Tokyo stocks rose sharply Monday morning after the Dow Jones Industrial Average climbed to a record high late last week on the back of positive U.S. earnings reports.
The 225-issue Nikkei Stock Average rose 383.78 points, or 1.39 percent, from Wednesday to 27,931.78. Japanese markets were closed Thursday and Friday for national holidays.
The broader Topix index of all First Section issues on the Tokyo Stock Exchange was up 26.63 points, or 1.40 percent, at 1,931.04.
Every category industry gained ground, except for electric power and gas issues. Major gainers were led by iron and steel, and textile and apparel issues.
The U.S. dollar slightly weakened to the lower 110 yen range from the mid-110 yen level, as the unit was weighed down by the Nikkei index trimming some gains and a drop in Chinese stocks, dealers said.
At noon, the dollar fetched 110.36-37 yen compared with 110.48-58 yen in New York at 5 p.m. Friday.
The euro was quoted at $1.1771-1772 and 129.92-96 yen against $1.1763-1773 and 130.07-17 yen in New York late Friday afternoon.
Stocks gained ground after the Dow Jones Industrial Average and the tech-heavy Nasdaq index rose to record highs on Friday. Sentiment was also buoyed by multiple medals won by Japanese athletes over the past few days at the Tokyo Olympics, which began last week, brokers said.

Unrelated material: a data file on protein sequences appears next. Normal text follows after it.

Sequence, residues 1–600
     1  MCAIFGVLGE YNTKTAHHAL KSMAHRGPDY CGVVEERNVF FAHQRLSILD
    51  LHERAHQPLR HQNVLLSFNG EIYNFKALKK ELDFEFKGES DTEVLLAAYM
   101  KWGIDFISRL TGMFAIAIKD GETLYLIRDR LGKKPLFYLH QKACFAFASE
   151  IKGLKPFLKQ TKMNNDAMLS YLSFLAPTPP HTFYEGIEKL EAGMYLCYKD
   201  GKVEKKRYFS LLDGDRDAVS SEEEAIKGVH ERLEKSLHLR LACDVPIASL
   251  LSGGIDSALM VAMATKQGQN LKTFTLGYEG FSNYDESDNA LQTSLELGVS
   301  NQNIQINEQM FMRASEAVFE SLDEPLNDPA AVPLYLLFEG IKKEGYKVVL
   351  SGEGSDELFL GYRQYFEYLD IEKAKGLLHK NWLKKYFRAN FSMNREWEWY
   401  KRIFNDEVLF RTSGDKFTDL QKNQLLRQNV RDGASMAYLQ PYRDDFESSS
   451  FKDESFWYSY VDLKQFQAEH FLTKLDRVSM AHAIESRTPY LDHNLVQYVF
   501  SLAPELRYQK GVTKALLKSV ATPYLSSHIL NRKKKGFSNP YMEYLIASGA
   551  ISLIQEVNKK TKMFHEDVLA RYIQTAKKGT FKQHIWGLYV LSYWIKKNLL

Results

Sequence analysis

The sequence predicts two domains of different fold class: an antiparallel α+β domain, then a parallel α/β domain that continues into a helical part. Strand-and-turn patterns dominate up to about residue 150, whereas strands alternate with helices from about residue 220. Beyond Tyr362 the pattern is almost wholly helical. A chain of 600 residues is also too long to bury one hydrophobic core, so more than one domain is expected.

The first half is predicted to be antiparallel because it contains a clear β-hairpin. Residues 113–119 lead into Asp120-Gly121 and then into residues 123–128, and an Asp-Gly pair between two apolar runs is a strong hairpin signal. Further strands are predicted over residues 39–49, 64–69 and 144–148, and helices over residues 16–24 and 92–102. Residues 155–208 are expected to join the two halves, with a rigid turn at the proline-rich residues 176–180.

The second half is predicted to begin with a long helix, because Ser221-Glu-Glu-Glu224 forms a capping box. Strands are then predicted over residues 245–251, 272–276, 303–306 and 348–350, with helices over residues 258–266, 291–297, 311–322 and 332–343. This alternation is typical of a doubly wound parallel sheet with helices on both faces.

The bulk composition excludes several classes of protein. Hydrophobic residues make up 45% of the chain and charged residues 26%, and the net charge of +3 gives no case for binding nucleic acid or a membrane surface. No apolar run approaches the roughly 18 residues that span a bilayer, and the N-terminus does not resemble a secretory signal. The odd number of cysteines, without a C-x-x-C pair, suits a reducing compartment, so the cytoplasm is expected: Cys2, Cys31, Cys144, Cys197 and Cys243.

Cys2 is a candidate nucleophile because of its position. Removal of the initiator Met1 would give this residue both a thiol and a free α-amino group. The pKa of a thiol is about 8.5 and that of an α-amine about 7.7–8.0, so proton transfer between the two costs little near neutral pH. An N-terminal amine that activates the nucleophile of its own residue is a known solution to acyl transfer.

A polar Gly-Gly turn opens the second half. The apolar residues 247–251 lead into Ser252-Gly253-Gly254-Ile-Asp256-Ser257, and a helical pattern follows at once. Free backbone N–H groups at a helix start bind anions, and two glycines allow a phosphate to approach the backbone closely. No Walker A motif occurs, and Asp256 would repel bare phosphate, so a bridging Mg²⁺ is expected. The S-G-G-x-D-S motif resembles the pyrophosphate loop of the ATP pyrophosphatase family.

But they gave up some gains later in the morning after the Nikkei topped the 28,000 psychological threshold.
"The market tracked U.S. highs, although gains were capped after data showed that economic activity in Japan's private sector was weak," said Koichi Fujishiro, a senior economist at the Dai-ichi Life Research Institute.
The release earlier Monday of preliminary data for Japan's purchasing managers' index by global research firm IHS Markit and au Jibun Bank Flash Japan showed its business activity index dropped to 46.4 in July from 48.0 in June, the sharpest fall since February due to the rapid rise in coronavirus cases in the country.
Investors are also awaiting the results of the two-day U.S. Federal Reserve meeting to end on Wednesday to gauge the timing of stimulus tapering amid waning vaccination rollouts in the United States and concerns regarding the Delta coronavirus variant, Fujishiro added.
On the First Section, advancing issues outnumbered decliners 1,887 to 235, while 68 ended the morning unchanged.
Chip-related issues were boosted by gains in the Nasdaq index on Friday, with Tokyo Electron rising 740 yen, or 1.7 percent, to 45,540 yen, Sumco gaining 77 yen, or 3.0 percent, to 2,650 yen, and Screen Holdings advancing 230 yen, or 2.5 percent, to 9,600 yen.
Tokyo Steel Manufacturing climbed 105 yen, or 9.8 percent, to 1,175 yen, after the firm said Wednesday it revised upward its operating profit outlook to 10 billion yen ($90.6 million) for the April-September business period from an earlier projected 6 billion yen.
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